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January recovery for BWS sales

Published:  04 February, 2020

Beer, wine and spirits (BWS) sales recovered from a poor December, with a 2% uplift in sales in January.

As a whole, there was no post-Christmas recovery for UK supermarkets however as January sales remained subdued at +0.7% in the last four weeks, according the latest Nielsen data released today.

This figure is significantly less than the same period last year, in which retailers were reveling in 3.3% growth. This year value sales since Christmas fell 0.3% at the grocery multiples, with volumes also down 1%. This was exacerbated by inflation, which was only up by 1.6%1.

The continuing mild winter weather was also not enough to give a seasonal boost, with volume sales of traditional ambient grocery products down 2.8%.

There was however reasonable value growth in soft drinks (2.8%), crisps and snacks (2.6%), and confectionery (2.2%).

The Nielsen data also shows that sales were weak at all of the supermarkets over the last 12 weeks to 25 January, with the only growth coming from Marks & Spencer (0.1%), Iceland (1.1%) and the Co-operative (2.6%).

Discounters Aldi and Lidl also experienced a rise in sales, up 5.6% and 10.8% respectively.

“We know that shoppers are always more conscious of their spending after Christmas, yet this behaviour is impacting the basket more so now than last year. Overall, the number of items purchased per trip is less than last January, resulting in lower supermarket spend - even if visits to stores are up,” said Mike Watkins, Nielsen’s UK head of retailer and business insight.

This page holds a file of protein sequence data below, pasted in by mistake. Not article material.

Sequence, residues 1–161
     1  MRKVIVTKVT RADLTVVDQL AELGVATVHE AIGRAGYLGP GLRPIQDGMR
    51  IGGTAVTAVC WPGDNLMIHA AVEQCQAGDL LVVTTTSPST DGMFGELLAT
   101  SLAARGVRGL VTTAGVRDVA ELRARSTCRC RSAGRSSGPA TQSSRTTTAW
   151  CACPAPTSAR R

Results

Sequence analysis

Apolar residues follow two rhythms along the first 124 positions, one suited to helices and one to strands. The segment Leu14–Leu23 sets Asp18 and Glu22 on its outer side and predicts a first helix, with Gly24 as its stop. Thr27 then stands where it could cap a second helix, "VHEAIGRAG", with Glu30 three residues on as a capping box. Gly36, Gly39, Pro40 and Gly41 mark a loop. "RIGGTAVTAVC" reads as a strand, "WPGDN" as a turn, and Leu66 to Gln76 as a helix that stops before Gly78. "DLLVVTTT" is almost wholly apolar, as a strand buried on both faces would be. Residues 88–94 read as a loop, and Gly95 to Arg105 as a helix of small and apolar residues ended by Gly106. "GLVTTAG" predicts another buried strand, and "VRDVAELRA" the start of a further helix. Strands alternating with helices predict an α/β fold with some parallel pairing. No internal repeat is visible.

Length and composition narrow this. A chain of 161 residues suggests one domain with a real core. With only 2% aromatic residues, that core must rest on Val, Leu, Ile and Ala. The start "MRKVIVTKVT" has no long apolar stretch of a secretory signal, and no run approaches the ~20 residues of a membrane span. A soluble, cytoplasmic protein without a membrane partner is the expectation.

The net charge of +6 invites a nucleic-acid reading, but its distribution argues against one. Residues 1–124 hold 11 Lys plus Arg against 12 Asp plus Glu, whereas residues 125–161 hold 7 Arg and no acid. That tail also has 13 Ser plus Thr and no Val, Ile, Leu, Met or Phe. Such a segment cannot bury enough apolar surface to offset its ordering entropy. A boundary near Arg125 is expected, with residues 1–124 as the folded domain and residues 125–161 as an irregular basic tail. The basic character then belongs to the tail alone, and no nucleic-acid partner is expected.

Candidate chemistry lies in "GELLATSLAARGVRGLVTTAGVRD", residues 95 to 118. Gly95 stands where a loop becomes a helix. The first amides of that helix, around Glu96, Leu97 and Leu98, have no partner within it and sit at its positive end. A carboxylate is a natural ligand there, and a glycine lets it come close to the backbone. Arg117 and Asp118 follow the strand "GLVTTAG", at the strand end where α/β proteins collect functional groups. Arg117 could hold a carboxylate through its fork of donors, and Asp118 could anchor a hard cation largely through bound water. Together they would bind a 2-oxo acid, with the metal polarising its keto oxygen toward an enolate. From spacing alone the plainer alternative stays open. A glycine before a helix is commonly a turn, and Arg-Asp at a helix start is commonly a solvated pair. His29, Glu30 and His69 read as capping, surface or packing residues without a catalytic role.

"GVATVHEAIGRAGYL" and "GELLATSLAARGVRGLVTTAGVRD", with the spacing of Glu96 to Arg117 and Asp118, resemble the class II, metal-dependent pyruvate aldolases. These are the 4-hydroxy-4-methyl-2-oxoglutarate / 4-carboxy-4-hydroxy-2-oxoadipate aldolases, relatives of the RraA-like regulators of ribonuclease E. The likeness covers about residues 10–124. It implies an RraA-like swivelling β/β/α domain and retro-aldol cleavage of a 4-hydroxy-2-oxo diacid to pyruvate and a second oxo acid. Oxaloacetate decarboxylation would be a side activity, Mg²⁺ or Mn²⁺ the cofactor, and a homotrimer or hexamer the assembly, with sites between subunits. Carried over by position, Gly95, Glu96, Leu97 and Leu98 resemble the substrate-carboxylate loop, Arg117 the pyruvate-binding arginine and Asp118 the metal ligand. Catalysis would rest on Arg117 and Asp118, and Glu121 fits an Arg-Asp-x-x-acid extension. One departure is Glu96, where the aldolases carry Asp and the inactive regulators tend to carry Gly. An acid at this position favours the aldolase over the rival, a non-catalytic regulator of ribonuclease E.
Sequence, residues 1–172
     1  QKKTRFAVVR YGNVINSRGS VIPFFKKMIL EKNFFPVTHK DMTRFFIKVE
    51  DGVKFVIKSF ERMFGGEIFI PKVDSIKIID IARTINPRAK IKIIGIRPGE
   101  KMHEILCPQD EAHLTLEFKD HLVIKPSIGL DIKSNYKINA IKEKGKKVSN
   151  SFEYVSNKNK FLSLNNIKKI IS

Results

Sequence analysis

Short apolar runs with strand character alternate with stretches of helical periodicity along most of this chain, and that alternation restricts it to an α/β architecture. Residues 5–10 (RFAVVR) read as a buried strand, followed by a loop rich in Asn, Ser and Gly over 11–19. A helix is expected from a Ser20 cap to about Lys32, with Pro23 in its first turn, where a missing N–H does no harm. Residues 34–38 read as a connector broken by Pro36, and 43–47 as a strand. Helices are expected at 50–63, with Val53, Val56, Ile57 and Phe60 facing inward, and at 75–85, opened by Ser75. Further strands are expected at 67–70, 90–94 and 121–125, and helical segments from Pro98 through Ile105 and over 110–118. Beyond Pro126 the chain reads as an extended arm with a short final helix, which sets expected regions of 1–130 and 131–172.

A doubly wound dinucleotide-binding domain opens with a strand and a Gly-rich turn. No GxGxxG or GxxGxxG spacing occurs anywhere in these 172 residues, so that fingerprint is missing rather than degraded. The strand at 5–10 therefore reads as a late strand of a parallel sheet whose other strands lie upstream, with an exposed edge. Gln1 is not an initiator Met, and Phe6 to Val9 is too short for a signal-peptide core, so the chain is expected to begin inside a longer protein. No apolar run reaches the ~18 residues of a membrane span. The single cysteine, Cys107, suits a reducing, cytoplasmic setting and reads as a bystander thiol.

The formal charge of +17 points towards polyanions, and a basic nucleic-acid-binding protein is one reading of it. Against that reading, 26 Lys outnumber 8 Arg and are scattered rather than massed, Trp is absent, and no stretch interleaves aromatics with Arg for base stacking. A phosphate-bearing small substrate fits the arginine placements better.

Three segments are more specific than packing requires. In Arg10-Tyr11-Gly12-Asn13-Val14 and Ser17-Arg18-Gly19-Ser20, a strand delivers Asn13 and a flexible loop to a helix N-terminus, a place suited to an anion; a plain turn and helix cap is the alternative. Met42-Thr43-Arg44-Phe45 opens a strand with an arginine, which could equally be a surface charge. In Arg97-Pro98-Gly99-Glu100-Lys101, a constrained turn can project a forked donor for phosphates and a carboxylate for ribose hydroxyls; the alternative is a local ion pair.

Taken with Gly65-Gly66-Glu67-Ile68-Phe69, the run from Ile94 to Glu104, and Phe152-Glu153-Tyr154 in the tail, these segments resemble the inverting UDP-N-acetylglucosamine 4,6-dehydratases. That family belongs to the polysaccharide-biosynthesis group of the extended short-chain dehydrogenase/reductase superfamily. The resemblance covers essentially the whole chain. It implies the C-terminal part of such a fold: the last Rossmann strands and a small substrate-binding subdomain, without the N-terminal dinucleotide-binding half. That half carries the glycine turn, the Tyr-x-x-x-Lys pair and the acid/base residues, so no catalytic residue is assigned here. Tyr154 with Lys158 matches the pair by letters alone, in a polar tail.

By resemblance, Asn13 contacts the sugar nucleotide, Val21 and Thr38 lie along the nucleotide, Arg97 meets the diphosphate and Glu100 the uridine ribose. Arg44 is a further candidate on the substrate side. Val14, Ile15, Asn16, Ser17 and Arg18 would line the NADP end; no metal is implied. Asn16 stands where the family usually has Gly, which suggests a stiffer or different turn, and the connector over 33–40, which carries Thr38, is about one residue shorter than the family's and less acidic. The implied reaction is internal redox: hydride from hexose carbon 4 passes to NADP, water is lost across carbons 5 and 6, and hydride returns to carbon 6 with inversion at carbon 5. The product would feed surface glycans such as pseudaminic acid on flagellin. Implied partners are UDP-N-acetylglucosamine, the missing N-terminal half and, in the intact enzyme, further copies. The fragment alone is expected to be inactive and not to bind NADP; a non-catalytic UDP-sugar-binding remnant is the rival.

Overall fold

With ‘little and often’ still the underlying shopping behaviour, and with shoppers less inclined to spend on a big shop, sales at the Co-op and other smaller store formats were more buoyant, he added.

And, he said, although sales had continued to increase at the discounters, growth at Aldi has fallen behind Lidl, and whilst they were both attracting new shoppers and visits to stores on the up, they faced the same pressures as the rest of the industry in maintaining spend per visit.

“The good news is that consumer confidence is improving, compared to where we were six months ago. However, this change in sentiment will take a number of months to be reflected in sales. The economy remains firmly our number one concern, followed by political stability, health and rising utility bills,” he said.”

Assuming there is was no late winter disruption, Nielsen said it anticipated that industry growth would improve to around 1% over the next couple of months, whilst expecting volume growth to remain relatively weak until Easter.